A scholarly study of what increasingly passes for business as usual in many American prisons: the execution of the condemned.
Capital punishment, maintains Zimring (Law/Berkeley), is barbaric, a throwback to an earlier age. Much of the world has now rejected it. Even so, American states have more and more resorted to killing prisoners. “By the year 2000,” he writes, “the volume of executions by American states had bounced back to levels quite close to those experienced during the early 1950s,” the decade in which the number of state-sanctioned killings began to fall sharply from earlier historic highs. But not every state uses capital punishment as the ultimate payback for crime, and while some states (e.g., New Hampshire, New Jersey, and South Dakota) keep the possibility of it on the books, it is only rarely applied outside the American South. Texas, Virginia, and Oklahoma conducted more than two-thirds of all executions in the past two decades. Texas alone, Zimring notes, “executes more people . . . in an average year than had been executed in the quarter of a century after 1977 in the four most populous northern states that have experienced any executions.” The author observes that these southern states, and others that employ capital punishment, are precisely those in which vigilante and mob justice prevailed. In other words, there is a historical continuum that runs from extrajudicial to judicial execution: “The lynch mob and the lethal injection are found in the same American neighborhoods”—but scarcely anywhere else in the civilized world. Ending capital punishment, Zimring argues, will involve the resolution of long-running disputes in American history over state and community rights versus those of the federal government, disputes that rage strongest in just those places where executions, and lynchings, were and are still common.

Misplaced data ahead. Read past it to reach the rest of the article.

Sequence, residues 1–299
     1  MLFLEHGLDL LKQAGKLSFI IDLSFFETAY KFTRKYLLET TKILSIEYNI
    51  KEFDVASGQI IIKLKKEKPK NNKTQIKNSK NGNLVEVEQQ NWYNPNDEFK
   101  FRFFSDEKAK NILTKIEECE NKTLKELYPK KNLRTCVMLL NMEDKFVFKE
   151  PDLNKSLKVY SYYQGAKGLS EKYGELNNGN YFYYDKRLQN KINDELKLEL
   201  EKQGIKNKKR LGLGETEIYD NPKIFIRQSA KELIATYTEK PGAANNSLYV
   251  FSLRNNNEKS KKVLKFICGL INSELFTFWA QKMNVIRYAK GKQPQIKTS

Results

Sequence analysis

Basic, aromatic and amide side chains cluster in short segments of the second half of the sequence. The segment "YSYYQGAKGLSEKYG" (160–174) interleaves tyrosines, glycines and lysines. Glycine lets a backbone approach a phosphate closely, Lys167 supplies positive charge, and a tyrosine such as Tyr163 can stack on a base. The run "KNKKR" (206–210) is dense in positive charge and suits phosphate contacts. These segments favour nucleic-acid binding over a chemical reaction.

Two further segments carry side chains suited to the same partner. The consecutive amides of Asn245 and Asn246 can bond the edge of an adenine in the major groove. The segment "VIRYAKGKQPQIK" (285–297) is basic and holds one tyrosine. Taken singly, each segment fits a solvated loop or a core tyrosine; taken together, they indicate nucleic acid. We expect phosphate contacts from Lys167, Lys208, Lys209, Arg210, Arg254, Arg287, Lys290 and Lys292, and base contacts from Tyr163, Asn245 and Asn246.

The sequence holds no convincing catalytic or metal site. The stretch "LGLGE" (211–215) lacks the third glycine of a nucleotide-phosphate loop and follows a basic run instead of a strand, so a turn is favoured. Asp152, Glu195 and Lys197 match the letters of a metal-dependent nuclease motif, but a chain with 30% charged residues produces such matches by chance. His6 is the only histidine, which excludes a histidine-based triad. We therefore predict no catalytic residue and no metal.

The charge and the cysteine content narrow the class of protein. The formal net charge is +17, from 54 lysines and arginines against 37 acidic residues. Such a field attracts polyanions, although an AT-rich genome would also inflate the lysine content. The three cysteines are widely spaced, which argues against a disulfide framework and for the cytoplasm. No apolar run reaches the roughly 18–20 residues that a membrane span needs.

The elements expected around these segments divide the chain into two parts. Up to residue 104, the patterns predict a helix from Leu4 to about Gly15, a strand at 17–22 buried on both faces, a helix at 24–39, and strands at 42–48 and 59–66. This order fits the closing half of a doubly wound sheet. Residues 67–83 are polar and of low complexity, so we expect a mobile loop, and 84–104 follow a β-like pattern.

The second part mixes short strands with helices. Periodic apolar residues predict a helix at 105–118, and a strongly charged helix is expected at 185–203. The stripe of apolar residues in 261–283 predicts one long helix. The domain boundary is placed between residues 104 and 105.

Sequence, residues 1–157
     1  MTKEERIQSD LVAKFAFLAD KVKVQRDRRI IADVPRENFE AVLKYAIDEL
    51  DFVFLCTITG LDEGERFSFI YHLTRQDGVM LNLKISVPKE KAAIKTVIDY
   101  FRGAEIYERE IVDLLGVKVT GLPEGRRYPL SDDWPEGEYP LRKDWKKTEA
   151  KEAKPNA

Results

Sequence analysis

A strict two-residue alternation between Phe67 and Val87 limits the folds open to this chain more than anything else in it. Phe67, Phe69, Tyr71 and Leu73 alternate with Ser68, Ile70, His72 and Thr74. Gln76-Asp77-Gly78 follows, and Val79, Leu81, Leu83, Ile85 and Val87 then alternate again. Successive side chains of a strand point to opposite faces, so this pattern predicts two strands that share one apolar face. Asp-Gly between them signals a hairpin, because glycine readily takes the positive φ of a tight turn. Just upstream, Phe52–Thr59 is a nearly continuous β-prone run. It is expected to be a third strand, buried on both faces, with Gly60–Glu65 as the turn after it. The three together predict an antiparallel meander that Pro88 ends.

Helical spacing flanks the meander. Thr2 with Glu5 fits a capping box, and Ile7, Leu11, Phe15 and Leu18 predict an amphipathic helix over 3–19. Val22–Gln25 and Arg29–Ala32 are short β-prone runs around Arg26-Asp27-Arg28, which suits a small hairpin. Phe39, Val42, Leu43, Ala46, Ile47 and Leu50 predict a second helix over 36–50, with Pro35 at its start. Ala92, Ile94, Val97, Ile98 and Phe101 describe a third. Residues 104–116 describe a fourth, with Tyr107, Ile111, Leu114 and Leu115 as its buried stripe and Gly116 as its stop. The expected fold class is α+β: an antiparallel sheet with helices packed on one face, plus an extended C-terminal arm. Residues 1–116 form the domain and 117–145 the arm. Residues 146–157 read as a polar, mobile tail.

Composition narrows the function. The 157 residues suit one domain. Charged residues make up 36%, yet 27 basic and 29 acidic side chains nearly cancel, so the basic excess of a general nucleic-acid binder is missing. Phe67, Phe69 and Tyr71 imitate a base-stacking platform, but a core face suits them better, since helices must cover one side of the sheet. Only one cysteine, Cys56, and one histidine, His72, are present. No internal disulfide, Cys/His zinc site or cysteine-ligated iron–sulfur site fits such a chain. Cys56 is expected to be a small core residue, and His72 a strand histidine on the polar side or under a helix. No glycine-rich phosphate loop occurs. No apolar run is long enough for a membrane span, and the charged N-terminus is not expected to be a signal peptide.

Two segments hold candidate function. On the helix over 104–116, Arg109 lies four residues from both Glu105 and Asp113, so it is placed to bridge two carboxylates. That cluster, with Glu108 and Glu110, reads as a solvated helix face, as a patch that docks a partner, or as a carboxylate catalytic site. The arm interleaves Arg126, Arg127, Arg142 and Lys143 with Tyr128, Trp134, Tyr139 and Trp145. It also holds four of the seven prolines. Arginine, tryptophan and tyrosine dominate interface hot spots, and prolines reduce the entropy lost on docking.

Thought-provoking, well-founded ammunition for the endless debate over capital punishment.